In their overview, Moore et al. considered an NNT≥10.0 as being clinically irrelevant or unacceptable, and codeine 60 mg was the only drug exceeding this limit. The several drug/dose combinations with the best (lowest) NNTs were (in order): etoricoxib 180 mg or 240 mg (NNT=1.5; 95% Confidence Interval 1.3 to 1.7), oxycodone 10 mg + paracetamol 1000 mg (1.8; 1.6 to 2.2), etoricoxib 120 mg (1.9; 1.7 to 2.1), and ketoprofen 25 mg (2.0; 1.8-2.3).
Those with the longest duration of action (≥8 hours) included etoricoxib 120 mg, diflunisal 500 mg, oxycodone 10 mg + paracetamol 650/1000 mg, naproxen 500/550 mg, and celecoxib 400 mg. Whereas, oxycodone 5 mg, codeine 60 mg, and paracetamol 600/650 exhibited the shortest duration of time to re-medication (<4 hours).
Participants reporting at least one adverse effect were few and generally no different between active drug and placebo. There were a few exceptions as follows (along with their NNH, or number needed to treat for one patient to experience an adverse effect, or harm): aspirin 600/650 mg (NNH=44), diflunisol 1000 mg (NNH=7.7), dihydrocodeine 30 mg (NNH=7.4), codeine + paracetamol (NNH=6.0), and oxycodone + paracetamol combinations (NNH= 3.5 to 4.5).
The overview authors conclude that there is a wealth of reliable evidence on the analgesic efficacy of select single-dose oral analgesics in postoperative settings and these generally exhibit favorable safety profiles. These data should help to inform choices by professionals and consumers; however, not all participants in the many studies examined had good pain relief and for many drug/dose combinations half or more did not achieve at last 50% maximum pain relief during four to six hours.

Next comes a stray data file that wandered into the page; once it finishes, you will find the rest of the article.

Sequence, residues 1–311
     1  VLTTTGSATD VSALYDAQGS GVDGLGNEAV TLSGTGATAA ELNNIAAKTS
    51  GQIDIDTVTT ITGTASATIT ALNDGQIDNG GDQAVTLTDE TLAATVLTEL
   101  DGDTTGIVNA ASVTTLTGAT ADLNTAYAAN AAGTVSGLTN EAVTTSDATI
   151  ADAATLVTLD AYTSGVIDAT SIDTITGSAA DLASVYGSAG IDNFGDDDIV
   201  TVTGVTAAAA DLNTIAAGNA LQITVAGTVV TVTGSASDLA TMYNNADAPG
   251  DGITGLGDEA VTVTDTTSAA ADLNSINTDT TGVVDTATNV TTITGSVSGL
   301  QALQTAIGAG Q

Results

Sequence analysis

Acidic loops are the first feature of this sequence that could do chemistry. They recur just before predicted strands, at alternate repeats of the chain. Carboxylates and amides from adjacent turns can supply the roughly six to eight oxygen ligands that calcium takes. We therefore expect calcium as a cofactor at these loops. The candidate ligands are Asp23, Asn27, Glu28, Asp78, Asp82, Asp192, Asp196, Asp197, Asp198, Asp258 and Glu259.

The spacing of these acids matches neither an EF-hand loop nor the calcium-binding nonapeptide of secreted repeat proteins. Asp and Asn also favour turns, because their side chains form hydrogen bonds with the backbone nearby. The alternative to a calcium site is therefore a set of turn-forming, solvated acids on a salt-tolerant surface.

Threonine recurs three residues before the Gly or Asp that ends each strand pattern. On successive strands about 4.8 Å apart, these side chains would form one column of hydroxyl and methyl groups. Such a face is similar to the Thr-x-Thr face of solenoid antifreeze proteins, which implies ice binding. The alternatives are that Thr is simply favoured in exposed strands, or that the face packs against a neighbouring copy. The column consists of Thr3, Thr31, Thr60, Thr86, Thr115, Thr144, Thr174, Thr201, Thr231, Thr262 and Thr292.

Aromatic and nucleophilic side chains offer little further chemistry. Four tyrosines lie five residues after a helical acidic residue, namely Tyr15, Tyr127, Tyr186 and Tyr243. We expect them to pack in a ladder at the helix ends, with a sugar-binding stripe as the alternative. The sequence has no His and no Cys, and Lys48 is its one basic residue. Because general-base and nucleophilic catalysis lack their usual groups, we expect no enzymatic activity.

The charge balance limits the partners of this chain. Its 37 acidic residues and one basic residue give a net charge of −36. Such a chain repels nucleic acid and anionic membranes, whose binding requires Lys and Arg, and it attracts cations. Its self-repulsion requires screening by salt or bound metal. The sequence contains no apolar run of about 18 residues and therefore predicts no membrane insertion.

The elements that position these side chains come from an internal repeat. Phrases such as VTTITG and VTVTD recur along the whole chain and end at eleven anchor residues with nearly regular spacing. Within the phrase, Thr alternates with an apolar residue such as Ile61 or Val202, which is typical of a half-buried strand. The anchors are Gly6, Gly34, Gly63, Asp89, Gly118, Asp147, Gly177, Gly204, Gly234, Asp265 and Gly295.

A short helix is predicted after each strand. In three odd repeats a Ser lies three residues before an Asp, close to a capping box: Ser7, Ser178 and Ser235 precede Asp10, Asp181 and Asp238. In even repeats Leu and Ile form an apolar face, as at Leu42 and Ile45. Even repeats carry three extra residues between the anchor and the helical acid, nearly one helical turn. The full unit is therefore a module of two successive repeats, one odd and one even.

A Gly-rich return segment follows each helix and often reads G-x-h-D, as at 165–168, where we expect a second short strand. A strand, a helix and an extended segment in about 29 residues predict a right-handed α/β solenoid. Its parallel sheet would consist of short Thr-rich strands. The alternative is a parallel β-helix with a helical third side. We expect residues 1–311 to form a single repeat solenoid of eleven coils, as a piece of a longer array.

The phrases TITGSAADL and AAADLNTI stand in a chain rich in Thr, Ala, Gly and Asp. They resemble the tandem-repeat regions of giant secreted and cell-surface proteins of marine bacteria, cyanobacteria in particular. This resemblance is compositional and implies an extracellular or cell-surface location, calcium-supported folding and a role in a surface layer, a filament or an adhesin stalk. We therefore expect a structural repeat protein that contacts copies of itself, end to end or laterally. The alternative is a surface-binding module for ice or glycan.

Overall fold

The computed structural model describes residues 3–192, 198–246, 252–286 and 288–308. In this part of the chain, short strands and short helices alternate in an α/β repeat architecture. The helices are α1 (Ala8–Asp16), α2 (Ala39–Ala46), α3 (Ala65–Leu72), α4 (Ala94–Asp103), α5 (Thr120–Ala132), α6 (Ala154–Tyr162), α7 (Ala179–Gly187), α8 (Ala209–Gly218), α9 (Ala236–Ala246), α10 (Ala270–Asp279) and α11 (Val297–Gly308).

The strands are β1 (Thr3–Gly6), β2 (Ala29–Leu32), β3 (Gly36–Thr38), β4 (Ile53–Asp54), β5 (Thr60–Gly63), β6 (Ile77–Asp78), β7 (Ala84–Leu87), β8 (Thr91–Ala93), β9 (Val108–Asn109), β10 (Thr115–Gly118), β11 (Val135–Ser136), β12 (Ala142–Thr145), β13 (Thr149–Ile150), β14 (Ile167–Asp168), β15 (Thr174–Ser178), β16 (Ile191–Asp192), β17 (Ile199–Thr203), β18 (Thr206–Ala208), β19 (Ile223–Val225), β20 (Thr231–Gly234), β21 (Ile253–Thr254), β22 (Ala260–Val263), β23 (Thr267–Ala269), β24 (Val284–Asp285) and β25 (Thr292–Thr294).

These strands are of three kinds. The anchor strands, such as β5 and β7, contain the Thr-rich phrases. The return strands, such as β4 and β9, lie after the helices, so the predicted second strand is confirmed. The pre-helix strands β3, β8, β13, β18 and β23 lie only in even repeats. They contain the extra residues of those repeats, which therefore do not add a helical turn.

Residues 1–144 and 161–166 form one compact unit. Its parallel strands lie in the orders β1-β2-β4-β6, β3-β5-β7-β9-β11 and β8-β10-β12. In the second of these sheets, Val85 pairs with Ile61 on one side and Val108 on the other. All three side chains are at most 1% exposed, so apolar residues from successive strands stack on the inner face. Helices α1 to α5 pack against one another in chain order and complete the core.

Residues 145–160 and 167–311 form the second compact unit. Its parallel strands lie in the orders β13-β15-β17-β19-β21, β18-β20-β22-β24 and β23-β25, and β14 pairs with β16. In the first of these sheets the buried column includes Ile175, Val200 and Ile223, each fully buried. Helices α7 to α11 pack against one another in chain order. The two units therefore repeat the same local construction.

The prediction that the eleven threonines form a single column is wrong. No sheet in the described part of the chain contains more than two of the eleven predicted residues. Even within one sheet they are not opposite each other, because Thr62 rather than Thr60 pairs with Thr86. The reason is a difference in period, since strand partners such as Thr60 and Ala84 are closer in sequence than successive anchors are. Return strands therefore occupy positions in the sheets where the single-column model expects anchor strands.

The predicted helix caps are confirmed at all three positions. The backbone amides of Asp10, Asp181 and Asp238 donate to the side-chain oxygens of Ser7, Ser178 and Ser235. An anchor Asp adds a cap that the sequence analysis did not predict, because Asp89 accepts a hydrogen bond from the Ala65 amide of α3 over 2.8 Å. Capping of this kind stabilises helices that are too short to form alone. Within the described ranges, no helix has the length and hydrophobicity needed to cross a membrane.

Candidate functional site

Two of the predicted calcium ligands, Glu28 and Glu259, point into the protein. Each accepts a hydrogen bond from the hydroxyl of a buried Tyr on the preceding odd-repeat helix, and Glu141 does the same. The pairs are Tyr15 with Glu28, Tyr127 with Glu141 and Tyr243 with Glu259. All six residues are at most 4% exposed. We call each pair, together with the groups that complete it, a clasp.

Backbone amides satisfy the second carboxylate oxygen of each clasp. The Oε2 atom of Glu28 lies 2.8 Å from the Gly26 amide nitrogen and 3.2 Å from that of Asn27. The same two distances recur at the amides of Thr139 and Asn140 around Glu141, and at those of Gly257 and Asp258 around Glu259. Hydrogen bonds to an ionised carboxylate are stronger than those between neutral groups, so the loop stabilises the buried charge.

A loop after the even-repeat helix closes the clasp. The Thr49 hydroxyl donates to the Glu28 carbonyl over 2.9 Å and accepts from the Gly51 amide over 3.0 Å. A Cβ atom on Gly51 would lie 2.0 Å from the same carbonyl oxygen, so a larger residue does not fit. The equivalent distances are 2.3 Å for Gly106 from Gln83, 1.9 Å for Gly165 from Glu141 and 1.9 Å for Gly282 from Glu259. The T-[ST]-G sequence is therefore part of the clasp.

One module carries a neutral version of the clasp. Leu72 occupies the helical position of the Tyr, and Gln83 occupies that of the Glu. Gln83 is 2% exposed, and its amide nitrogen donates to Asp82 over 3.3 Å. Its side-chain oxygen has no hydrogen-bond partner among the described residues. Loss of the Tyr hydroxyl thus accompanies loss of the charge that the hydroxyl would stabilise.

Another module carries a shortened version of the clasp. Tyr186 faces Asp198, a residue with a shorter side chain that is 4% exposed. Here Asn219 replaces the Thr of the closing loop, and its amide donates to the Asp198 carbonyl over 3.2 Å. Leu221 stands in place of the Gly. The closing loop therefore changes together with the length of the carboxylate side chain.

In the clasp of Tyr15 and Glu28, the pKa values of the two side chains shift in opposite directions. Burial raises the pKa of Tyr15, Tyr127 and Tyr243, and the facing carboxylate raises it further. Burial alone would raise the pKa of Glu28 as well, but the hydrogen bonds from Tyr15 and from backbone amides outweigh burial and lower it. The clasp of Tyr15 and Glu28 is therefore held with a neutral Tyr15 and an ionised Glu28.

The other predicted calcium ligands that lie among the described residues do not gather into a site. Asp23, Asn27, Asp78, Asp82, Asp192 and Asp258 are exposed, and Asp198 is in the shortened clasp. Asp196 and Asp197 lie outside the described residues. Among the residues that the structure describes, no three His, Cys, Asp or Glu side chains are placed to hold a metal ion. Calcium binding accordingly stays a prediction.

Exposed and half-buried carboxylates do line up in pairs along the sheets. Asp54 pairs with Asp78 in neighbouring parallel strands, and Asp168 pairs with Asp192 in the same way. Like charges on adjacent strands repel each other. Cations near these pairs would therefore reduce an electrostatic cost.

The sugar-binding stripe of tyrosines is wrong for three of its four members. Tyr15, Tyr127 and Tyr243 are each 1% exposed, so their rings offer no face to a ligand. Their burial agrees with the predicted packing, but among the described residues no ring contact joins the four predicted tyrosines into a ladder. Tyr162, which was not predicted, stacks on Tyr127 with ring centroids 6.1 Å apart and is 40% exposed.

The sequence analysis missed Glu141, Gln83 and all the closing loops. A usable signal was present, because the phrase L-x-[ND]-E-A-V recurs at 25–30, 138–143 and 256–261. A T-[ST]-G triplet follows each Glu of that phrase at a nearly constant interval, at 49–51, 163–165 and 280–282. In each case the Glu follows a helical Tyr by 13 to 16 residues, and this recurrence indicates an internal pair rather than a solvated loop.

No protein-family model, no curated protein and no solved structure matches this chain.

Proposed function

Perhaps most important, Moore states, “If the first [pain reliever] a person tries doesn’t seem to be working, then a doctor should look to find an alternative reliable drug and see if it is more effective in that individual patient. There are plenty of options that have a solid evidence base.”
COMMENTARY: This sort of Cochrane Review — a review-of-reviews, or overview — was a massive undertaking and provides a portrayal of best evidence within certain limitations. Moore and colleagues note that their overview focuses on results from all available, high quality trials, but they concede that some drugs/dosages are not typically used clinically, such as ibuprofen 100 mg or etoricoxib 180/240 mg (which provided the best NNT). And, in some cases, certain drugs are no longer marketed (eg, rofecoxib or dextropropoxyphene) while other drugs are not available worldwide; for example, etoricoxib in approved in 70 countries but not yet in the United States. As the authors note, “All data are presented so that readers can use that which is relevant for them.”
However, certain analgesics were not adequately examined by prior studies for Moore et al. to include them in their analyses. For example, there were review studies but no extensive trial data available for acemetacin, meloxicam, nabumetone, nefopam, sulindac, tenoxicam, and tiaprofenic acid. Inadequate amounts of data also were available for dexibuprofen, dextropropoxyphene 130mg, diflunisal 125mg, etoricoxib 60 mg, fenbufen, and indometacin. The authors noted two newer, successful studies of ibuprofen 200 mg + paracetamol 500 mg for dental pain (NNT, 95% CI; 1.6, 1.4-1.8), but these were not part of Cochrane reviews and, hence, were omitted from their analyses.